Child support can be an important aspect of the financial life of many children. Whether for shoes or housing, extracurricular sports or food, the monetary contribution from a non-custodial parent can provide a tremendous amount of support for a child. However, an Illinois state representative says that not enough children are receiving the child support that they need, and she would like to do something about it.

Deb Conroy, an Illinois state representative, points out that the state does not pursue any felony charges for parents who owe back child support. She also points out that many neighboring states press felony charges for delinquent payments. In order to combat the back child support that can sometimes appear to be unreachable, she recently filed a bill that would allow the state to initiate felony penalties for parents who not only owe back child support, but who are also financially equipped to make the court-ordered payments.

Illinois divorce can be made easier by collaboration on assets

When breaking free from a bad marriage, it may be easy for some people to simply focus on the emotional aftermath. Doing so could possibly leave Illinois divorcees in a financial jumble if assets are not properly attended to during a divorce. Although proceeding with a divorce, it may be the best time for both parties to work together.

Ultimately, it can benefit both parties of a divorce to work together when it comes to assets. Fighting over certain assets can actually cost quite a bit of money as well as extra time spent in court. Working closely with a third-party mediator can help keep a divorcing couple and their financial assets on track during the course of a divorce.

Prenups may protect assets and children after divorce

Some young couples who find themselves head-over-heels in love might turn their nose up at a prenuptial agreement. There are those who say this is fine, and that the ideal candidate for a prenuptial agreement might not be that young and debt-free couple after all. Illinois couples that include one or more partners with either significant assets or debt might not enjoy planning ahead for a possible divorce, but it could be one of the smartest moves to make.

Those who have been previously divorced might be more apt to insist upon a prenuptial agreement before any subsequent marriages. In some cases, they may have lost much of what they had before entering into their first marriage. When approaching a second marriage, it might be the case that they are simply looking to avoid the potential for a re-enactment.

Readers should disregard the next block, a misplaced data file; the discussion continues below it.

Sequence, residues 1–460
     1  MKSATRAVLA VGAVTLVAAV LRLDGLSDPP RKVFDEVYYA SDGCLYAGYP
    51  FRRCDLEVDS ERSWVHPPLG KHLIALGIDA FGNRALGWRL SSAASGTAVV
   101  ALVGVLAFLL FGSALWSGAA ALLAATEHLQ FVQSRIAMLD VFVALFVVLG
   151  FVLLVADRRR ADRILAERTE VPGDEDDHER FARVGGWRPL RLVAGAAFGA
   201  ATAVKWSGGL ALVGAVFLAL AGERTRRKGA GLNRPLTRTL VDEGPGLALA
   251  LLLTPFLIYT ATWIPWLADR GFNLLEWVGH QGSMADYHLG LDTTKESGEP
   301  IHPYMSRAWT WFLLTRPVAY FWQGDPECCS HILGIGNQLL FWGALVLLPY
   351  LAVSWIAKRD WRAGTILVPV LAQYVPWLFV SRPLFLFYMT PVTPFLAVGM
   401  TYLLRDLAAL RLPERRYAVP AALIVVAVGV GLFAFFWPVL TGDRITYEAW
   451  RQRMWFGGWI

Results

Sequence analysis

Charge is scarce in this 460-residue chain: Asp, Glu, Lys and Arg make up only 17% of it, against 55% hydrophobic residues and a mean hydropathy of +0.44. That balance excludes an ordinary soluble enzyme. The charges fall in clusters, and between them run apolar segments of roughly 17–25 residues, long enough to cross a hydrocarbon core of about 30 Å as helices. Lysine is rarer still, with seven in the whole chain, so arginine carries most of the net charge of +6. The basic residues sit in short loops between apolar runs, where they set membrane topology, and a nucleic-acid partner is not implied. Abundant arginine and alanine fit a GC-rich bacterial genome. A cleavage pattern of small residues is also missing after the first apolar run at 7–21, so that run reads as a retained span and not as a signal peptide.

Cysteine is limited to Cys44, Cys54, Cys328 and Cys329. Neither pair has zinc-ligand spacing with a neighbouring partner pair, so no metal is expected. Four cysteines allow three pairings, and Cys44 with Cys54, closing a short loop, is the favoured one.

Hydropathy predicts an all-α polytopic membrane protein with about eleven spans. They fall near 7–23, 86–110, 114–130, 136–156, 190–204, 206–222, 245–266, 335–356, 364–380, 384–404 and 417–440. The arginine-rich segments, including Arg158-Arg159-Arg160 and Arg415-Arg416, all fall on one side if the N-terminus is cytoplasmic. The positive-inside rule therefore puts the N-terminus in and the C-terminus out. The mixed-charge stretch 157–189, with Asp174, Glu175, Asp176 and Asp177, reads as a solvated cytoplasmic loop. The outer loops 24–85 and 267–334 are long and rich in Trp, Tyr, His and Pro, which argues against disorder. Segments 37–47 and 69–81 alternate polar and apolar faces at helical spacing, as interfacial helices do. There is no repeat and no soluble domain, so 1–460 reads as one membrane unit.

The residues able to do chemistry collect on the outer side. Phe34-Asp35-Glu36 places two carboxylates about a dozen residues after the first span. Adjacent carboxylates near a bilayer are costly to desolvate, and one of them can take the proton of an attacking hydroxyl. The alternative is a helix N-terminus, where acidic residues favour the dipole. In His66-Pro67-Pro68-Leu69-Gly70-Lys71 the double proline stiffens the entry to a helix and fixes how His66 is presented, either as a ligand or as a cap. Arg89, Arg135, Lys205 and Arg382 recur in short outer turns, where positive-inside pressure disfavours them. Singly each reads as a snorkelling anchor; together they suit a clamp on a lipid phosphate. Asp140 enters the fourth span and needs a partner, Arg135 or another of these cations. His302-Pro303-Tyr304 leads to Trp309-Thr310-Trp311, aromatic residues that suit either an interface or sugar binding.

Victim of domestic violence pleased that husband is behind bars

A woman who suffered at the hands of her abuser for decades is happy yet cautious to see the man behind bars. A victim of domestic violence, the Illinois woman received an order of protection against her husband in the days leading up to Valentine's Day of 2012. While an order of protection is generally an effective tool for preventing further attacks against domestic abuse victims, in this case it may have been most helpful afterward.

The victim claims that the abuse began early on in the relationship. At one point before the Illinois woman and her husband were married, she attempted to end things between the two, but she was met with a violent outburst against her parents and a threat that she would never be able to leave him. In a state of fear, she believed her soon-to-be husband and decided to stay with him. After they were married and had a child, the abuse didn't stop.

Determining child custody is not always an easy task

Divorcing parents often have one thing at the front of their minds -- they want to know who will have custody of their children. Child custody is quite often not as black and white as some people think. Even if some Illinois parents can behave amicably through the divorce process, there are still several factors to take into account when determining custody.

Some might hear the term joint legal custody and mistakenly assume that this means that the child will be living with both parents. While joint legal custody does entitle both parents to making decisions, it also means that the child will only be living with one of his or her parents. If a divorcing couple would also prefer to share physical custody, then joint legal physical custody is the next option.